So what is the best way to deal with my over abundance of guava fruit? Having made guava jelly and butter, and given kilos and kilos of the stuff away, I thought that I should package it up in a tart and feed it to my colleagues.
I was aiming for something like tarte tartine, but with guavas! *evil cackle*
I made sour cream pastry. However perhaps because of the humidity, I needed 1.5 cups of plain flour to the butter and sour cream.
The extra flour was enough for a large 27cm quiche tin, and five 10cm taster tins.
I oiled the tins, and put a round of baking paper in the base to assist later removal. The finished product comes out quite easily, so this might be unnecessary.
Blind baked the pastry for about 15 minutes, or until light brown.
2. Guava Jam
I figured sliced guava on its own might be too plain in flavour, so I made jam. I didn’t read the recipe properly, so like on autopilot, I made as per guava jelly and boiled my guavas.
This is my recipe, modified from the link above.
3 cups guavas, de-seeded and simmered (as per guava jelly)
1.5 cups sugar
1 tablespoon apple cider vinegar
1 tablespoon lemon juice (1/2 lemon)
1/4 tsp salt
Boil the lot, and then have it on a medium simmer for about 30 minutes.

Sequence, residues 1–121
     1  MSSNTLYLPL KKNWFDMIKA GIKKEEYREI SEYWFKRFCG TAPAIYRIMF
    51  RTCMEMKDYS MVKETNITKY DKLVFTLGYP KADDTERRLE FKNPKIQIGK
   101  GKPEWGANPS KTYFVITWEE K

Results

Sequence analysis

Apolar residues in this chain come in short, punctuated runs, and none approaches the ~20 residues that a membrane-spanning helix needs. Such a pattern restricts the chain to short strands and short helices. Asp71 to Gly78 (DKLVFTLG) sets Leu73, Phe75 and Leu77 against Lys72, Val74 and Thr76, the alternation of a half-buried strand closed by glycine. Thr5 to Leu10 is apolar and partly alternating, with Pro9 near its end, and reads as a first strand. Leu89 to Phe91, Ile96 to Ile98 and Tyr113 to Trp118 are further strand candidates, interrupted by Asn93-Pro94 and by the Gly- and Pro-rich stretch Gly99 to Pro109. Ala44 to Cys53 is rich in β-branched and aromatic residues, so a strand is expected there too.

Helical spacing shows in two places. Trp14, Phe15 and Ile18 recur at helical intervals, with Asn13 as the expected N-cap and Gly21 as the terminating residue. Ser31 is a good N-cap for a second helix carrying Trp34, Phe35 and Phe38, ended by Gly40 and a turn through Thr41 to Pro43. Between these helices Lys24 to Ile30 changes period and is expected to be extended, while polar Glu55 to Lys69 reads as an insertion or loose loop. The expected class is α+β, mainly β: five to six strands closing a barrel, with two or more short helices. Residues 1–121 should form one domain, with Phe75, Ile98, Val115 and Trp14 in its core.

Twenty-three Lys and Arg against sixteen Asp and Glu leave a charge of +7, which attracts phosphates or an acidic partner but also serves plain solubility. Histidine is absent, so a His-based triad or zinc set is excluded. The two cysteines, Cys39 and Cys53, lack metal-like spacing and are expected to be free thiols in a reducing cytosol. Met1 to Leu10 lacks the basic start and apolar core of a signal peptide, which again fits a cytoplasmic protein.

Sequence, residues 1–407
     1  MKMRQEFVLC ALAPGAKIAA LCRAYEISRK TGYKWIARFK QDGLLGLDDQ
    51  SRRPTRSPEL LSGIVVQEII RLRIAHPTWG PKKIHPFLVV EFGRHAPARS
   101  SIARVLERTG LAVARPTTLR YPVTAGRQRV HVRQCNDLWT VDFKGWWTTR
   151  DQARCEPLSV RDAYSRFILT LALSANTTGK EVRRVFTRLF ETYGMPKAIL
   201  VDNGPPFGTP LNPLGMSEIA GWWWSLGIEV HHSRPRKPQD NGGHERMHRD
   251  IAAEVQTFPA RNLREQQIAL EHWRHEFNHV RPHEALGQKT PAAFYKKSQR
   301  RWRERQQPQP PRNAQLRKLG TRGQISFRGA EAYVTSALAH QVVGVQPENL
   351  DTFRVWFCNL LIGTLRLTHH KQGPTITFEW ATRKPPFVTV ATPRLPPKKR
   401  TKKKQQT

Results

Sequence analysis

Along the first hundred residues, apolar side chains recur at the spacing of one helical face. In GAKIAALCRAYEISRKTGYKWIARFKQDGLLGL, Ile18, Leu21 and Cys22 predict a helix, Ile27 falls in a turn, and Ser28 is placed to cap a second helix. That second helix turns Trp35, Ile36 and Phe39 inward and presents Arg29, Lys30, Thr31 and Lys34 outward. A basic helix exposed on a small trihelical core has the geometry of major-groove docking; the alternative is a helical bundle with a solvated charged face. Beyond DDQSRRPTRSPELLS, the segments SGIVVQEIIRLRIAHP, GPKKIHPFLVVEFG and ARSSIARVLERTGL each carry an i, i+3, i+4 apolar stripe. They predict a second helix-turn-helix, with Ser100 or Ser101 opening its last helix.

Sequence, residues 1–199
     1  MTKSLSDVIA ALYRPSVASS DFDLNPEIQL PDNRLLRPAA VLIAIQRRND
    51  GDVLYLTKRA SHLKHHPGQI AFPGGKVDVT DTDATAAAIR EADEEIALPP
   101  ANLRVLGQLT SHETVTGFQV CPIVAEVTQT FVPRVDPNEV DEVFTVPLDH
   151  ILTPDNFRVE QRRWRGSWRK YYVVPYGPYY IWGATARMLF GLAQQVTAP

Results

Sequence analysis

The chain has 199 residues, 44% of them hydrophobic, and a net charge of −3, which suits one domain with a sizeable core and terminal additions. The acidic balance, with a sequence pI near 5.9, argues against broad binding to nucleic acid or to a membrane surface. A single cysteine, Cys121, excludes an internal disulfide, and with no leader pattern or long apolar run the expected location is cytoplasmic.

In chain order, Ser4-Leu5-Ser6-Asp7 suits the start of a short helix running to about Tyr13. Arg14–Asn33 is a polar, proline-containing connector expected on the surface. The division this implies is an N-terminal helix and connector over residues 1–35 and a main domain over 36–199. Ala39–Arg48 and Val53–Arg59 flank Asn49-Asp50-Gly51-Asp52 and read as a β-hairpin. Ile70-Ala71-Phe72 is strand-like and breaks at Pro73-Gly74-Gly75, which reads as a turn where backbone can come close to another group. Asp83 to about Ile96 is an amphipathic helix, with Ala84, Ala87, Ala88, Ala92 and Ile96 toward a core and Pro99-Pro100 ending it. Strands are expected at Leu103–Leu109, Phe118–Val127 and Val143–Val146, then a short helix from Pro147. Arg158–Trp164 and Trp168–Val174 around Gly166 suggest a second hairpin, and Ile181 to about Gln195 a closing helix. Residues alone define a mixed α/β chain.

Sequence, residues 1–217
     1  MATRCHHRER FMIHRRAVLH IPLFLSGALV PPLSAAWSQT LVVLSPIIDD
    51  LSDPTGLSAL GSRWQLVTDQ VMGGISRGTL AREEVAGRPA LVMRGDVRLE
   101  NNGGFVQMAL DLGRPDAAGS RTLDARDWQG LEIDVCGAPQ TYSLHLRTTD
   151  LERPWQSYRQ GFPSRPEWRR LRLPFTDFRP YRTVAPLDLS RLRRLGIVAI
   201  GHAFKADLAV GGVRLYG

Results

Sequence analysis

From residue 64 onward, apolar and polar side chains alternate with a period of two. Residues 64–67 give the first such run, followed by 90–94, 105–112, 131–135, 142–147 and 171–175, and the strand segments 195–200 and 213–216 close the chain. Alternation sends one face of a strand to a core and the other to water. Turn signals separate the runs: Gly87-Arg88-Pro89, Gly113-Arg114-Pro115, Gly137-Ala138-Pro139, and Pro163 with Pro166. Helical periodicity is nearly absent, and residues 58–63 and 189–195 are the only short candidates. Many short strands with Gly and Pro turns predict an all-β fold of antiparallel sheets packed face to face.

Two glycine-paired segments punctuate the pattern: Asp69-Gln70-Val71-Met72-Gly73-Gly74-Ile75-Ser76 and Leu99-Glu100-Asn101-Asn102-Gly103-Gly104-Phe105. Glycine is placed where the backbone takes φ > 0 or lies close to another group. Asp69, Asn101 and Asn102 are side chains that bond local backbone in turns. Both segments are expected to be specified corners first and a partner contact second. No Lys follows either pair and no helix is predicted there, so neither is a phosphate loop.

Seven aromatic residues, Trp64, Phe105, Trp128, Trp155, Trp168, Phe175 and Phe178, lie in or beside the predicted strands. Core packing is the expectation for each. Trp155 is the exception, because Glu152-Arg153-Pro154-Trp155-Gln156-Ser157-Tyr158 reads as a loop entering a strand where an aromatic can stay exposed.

I had the mixture bubbling for 20 minutes, and kept stirring to stop it spitting.
This gave me enough jam for a thin layer in one large quiche tin, four small 10cm tasters, and one 500g jam jar for later consumption.
3. Guava Tart
Half an apple, thinly sliced.
3-4 fresh guavas, de-seeded and sliced into strips.
Guava jam, to taste.
Just baked pie/tart crust.
Allspice, cinnamon, brown sugar.
Smear a thick layer of jam on the pastry baked base.
Starting with thin slices of apple (optional), create the main pattern on the pastry, and then infill with strips of fresh sliced guava. Go on, don’t be shy, if you’re trying to use up a day’s harvest of guavas, you’ve got plenty to spare.
Sprinkle, allspice, cinnamon sugar and brown sugar. I had some Chinese five spice lying around, so that went on too.
Bake for 10-15 minutes, until pastry is golden brown and the fruit has reduced a little.
Verdict: yum! Evil in this case is justified.
Lessons learned: use heaps more fruit. Also, how do I make nice professional looking pastry edges rather than rustic homemade edges?